to read to the deaf people who kindly remain faithful and sympathetic.

Omitting a complete history I had prepared of the early settlers in what is
now Southeastern New Hampshire (who, by the way, were neither Pilgrims
nor Puritans), it is sufficient for our purpose to say that in 1638 Exeter was
settled by Rev. John Wheelwright and about twenty families from what has
since become Quincy, Massachusetts, they having been expelled from the Massa-
chusetts Bay Colony of Puritans as heretics.

In the same year the territory long known as Hampton, Hampton Falls and
Seabrook was settled by several families from Norfolk County, England, who
joined Nicholas Easton there. I do not find that they came on account of any
special religious belief or form of worship. I think there were many Quakers
among them, of whom there were many in England at that time.



482 THE GRANITE MONTHLY

In 1656 two refined Quakeresses, who arrived in Boston from England by
way of the Barbados, were imprisoned, publicly scourged as heretics, and told
by the Puritans to leave their colony. In 1658 some Quakers received a similar
warm reception. Quakers thereafter settled in Rhode Island, Pennsylvania,
New Hampshire and Maine. In 1671 John Burnyeat established their settle-
ment in the Piscataqua River district; and in 1700 about one-third of the in-
habitants of that district and of southeastern New Hampshire (as it now is) were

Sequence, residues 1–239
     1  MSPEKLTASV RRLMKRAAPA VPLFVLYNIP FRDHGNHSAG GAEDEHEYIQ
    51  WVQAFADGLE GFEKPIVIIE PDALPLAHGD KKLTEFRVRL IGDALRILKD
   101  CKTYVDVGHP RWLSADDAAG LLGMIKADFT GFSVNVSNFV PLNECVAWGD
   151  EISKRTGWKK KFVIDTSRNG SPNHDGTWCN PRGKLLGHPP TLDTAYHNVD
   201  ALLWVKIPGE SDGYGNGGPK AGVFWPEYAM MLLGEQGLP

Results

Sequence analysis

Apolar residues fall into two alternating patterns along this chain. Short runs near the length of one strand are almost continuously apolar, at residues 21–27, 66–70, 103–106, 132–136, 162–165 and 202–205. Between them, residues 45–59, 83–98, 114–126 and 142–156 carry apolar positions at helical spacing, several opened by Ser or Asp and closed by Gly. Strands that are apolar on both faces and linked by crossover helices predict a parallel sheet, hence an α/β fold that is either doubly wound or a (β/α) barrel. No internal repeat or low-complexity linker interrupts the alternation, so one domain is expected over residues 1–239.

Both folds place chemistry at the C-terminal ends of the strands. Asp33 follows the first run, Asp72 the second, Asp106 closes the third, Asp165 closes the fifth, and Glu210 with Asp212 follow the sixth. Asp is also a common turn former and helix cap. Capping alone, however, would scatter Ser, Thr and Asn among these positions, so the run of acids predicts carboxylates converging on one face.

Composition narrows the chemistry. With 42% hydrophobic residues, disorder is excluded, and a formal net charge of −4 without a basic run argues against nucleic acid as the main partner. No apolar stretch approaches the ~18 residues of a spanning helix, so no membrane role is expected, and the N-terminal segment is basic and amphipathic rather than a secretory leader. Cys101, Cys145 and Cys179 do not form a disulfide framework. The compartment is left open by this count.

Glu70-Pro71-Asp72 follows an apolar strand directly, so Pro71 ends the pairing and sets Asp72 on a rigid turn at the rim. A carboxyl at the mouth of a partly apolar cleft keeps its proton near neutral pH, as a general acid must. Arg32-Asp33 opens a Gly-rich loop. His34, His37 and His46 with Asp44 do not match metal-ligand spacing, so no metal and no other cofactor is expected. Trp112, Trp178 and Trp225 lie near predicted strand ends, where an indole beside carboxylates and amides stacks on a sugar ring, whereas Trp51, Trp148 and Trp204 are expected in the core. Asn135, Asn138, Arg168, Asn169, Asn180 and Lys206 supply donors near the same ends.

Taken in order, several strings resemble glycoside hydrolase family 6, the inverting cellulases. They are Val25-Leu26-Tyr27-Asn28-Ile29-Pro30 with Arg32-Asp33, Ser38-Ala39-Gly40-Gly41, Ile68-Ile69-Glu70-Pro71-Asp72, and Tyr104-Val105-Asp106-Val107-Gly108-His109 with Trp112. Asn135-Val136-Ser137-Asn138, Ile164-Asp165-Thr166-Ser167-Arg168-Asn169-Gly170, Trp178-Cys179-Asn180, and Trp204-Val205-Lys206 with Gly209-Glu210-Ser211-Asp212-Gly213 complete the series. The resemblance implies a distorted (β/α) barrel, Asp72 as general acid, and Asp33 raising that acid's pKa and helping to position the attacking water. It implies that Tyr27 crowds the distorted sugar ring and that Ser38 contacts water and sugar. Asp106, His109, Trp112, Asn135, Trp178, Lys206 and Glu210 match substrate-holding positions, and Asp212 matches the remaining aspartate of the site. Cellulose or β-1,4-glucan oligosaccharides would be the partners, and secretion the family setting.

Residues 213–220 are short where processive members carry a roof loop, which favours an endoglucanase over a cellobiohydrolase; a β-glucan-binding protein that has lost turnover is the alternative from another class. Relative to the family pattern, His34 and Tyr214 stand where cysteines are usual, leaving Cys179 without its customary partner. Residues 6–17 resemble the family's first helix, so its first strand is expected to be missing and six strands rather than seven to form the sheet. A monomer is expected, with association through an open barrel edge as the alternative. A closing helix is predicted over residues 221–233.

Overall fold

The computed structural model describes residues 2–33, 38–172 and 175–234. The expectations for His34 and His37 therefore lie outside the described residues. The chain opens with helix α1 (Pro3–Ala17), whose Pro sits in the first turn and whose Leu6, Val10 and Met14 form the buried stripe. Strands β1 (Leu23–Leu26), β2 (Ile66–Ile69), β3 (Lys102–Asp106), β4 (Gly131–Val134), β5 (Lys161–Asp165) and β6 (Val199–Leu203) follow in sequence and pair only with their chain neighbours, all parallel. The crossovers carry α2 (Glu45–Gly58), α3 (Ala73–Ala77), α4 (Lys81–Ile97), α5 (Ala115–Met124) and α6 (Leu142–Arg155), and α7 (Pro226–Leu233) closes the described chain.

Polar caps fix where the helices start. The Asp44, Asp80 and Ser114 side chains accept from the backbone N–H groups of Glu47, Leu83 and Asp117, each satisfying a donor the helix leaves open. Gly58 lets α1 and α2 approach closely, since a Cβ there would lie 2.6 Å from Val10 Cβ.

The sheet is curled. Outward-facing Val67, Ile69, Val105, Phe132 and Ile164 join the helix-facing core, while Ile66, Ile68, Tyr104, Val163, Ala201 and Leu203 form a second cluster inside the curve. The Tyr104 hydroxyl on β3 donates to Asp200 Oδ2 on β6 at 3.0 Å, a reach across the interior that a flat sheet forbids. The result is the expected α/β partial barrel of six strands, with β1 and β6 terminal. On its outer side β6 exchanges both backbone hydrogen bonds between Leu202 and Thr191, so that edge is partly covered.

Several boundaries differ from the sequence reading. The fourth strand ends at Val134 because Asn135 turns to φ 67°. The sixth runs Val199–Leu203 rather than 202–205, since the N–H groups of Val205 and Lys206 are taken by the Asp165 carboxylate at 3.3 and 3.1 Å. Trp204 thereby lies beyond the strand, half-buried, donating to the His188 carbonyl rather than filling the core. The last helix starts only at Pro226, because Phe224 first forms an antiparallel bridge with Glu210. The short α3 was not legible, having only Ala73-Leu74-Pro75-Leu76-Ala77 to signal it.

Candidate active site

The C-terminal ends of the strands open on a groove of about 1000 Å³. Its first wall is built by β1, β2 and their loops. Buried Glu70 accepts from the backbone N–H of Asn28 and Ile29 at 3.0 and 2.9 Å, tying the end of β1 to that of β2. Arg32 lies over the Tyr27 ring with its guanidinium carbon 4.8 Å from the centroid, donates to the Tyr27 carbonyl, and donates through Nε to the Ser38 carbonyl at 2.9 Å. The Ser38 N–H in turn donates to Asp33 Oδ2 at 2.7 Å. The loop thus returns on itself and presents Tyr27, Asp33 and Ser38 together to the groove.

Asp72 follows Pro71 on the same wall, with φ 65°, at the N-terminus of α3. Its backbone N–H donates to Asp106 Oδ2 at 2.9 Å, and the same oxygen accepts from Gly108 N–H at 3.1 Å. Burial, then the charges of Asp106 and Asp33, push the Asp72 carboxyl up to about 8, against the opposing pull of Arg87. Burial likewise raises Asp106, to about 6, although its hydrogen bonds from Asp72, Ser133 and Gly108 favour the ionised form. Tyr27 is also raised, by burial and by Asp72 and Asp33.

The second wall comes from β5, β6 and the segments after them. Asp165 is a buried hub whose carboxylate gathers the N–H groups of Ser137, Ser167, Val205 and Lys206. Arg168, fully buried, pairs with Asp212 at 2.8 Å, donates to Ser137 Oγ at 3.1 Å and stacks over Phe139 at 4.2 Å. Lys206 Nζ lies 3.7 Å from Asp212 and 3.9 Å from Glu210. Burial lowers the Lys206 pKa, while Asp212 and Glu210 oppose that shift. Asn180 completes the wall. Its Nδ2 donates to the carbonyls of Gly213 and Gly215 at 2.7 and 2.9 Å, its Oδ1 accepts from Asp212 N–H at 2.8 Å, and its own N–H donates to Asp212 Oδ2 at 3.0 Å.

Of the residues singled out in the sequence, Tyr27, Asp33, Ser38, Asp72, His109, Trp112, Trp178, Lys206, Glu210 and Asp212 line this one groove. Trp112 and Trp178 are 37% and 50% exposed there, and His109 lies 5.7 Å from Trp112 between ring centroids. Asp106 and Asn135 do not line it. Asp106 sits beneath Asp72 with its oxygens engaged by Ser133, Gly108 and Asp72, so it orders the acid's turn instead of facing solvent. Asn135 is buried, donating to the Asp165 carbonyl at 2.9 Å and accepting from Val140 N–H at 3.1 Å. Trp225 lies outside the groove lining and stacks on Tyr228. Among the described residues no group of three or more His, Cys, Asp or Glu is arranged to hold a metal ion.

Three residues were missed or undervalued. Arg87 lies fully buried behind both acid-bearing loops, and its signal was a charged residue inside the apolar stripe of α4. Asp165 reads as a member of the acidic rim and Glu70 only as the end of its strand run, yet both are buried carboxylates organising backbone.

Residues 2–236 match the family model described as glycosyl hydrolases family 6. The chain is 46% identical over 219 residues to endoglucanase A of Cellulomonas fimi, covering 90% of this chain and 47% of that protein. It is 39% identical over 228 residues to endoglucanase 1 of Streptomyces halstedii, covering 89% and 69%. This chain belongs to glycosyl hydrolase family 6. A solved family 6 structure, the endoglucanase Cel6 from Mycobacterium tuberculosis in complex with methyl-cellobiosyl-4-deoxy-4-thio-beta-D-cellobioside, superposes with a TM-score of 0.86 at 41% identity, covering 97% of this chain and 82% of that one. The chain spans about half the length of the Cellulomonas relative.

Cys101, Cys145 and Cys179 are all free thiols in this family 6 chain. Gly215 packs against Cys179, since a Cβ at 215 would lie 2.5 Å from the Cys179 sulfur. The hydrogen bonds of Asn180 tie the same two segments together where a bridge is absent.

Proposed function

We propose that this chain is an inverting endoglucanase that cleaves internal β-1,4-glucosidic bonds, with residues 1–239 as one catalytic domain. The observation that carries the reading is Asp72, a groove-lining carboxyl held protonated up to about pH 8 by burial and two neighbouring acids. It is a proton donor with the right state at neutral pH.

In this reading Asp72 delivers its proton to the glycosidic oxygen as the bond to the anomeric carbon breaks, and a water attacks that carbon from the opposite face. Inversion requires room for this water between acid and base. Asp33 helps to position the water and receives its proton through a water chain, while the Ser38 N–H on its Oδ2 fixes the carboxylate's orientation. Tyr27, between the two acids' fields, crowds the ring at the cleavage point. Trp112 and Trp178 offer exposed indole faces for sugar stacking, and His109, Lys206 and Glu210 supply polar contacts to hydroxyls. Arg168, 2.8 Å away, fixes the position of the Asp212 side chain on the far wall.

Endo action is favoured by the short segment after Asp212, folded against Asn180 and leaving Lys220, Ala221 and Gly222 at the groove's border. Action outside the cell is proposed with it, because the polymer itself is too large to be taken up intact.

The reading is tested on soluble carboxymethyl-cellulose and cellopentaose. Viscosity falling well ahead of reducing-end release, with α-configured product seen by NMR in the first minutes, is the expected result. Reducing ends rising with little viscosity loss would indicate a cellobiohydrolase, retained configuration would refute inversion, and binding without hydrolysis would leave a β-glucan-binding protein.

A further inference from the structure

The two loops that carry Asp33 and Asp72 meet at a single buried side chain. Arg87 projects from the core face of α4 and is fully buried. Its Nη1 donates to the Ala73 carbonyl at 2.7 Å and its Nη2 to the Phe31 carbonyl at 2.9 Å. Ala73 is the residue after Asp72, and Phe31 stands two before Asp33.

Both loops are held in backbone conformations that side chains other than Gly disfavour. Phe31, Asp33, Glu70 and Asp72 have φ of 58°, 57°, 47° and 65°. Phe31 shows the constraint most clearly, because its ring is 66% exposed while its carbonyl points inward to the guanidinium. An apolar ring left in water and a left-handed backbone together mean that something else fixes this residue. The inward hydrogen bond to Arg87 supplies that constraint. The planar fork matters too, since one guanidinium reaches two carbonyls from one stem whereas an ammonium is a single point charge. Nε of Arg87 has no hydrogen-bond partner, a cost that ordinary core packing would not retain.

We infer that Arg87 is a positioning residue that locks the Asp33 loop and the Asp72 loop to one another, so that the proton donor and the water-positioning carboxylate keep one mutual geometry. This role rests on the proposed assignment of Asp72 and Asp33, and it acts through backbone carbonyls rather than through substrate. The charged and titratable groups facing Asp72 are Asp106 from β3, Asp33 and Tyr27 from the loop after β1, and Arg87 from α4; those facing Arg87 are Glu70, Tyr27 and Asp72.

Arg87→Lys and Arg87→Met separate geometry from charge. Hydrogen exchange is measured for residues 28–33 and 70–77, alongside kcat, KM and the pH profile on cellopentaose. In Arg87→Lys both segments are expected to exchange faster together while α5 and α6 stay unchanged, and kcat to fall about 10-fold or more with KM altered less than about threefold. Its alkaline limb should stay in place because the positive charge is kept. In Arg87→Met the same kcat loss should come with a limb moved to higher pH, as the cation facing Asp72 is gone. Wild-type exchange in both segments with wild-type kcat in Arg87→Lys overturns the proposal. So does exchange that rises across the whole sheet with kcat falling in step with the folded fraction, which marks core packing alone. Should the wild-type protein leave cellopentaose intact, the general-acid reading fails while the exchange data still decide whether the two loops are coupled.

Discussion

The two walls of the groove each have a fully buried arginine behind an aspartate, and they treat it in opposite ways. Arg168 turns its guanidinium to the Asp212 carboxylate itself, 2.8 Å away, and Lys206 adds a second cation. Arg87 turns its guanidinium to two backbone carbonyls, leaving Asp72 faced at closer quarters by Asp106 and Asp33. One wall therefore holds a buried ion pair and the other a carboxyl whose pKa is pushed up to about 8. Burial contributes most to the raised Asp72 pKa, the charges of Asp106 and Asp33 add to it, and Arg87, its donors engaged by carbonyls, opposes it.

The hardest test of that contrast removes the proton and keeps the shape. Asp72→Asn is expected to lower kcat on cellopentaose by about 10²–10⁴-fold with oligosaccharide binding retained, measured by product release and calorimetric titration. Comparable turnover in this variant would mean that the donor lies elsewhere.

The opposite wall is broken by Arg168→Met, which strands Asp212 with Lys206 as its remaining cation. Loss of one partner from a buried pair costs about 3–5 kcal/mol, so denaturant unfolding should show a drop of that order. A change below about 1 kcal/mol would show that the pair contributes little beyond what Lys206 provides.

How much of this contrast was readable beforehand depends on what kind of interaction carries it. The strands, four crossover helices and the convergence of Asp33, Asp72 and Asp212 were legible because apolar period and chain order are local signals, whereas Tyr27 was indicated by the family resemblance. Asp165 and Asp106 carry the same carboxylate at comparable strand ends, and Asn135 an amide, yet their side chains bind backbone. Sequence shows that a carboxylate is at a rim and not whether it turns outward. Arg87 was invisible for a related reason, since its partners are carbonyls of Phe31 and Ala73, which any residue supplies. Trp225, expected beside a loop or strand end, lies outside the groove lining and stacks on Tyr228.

Quakers, accustomed to have large meetings in Hampton and Newbury.

I give you this to prepare you for a little surprise you may have when I
speak of what Friend Albert N. Peaslee told me on the 23rd inst.

In 1719, several Presbyterian Scotch-Irish families came from London-
derry in the North of Ireland and settled the town of Londonderry here, which
subsequently developed Manchester, Derry and other adjacent towns spreading
eastward through Chester into Epsom.

In 1722, the town of Nottingham was incorporated and settled in 1727 by
Capt. Joseph Cilley and others. He was the ancestor of Mrs. William Henry
Berry, whom many of you remember as one of the sterling, influential women
of Pittsfield, survived by worthy children, some of whom may be here to-day.

In 1727 this section of the country was claimed by the Colonists of Boston
and Massachusetts Bay although disputed by those claiming under Mason and
Wheelwright. In consideration of and as pay for the services of New Hamp-
shire people in fighting the Indians for many years before and after that year,
much of this country above Exeter, Hampton and Londonderry was granted by
Massachusetts authority in townships defined by surveys, the grantees generally
living at a considerable distance from the tracts in the wilderness granted to them.

Thus between 1727 and 1767 the townships of Pembroke (granted as Sun-
cook), Epsom, Chichester, Barnstead, and Gilmanton had been granted and a
few settlers had located in them.

Chichester was granted to Nathaniel Gookin and others of Hampton and
Paul Merrill, or Morrill, had been induced to settle in the southwesterly part or
first division by the gift of 500 acres of land there. Other towns created within
those forty years were Epping set off from Exeter, Raymond set off from
Chester, Northwood and Deerfield set off from Nottingham.

But, prior to the treaty between England and France, in 1763, what is now
Maine, New Hampshire, Vermont, Northern New York and Canada, adjoining
on the north, were full of fighting between the English, French and Indians, in



Online Library1884 numbers of the Bay state monthlyBe the first and subjects of first 10 volumes and List of porThe Granite monthly, a New Hampshire magazine, devoted to literature, history, and state progress (Volume 53) → online text (page 49 of 57)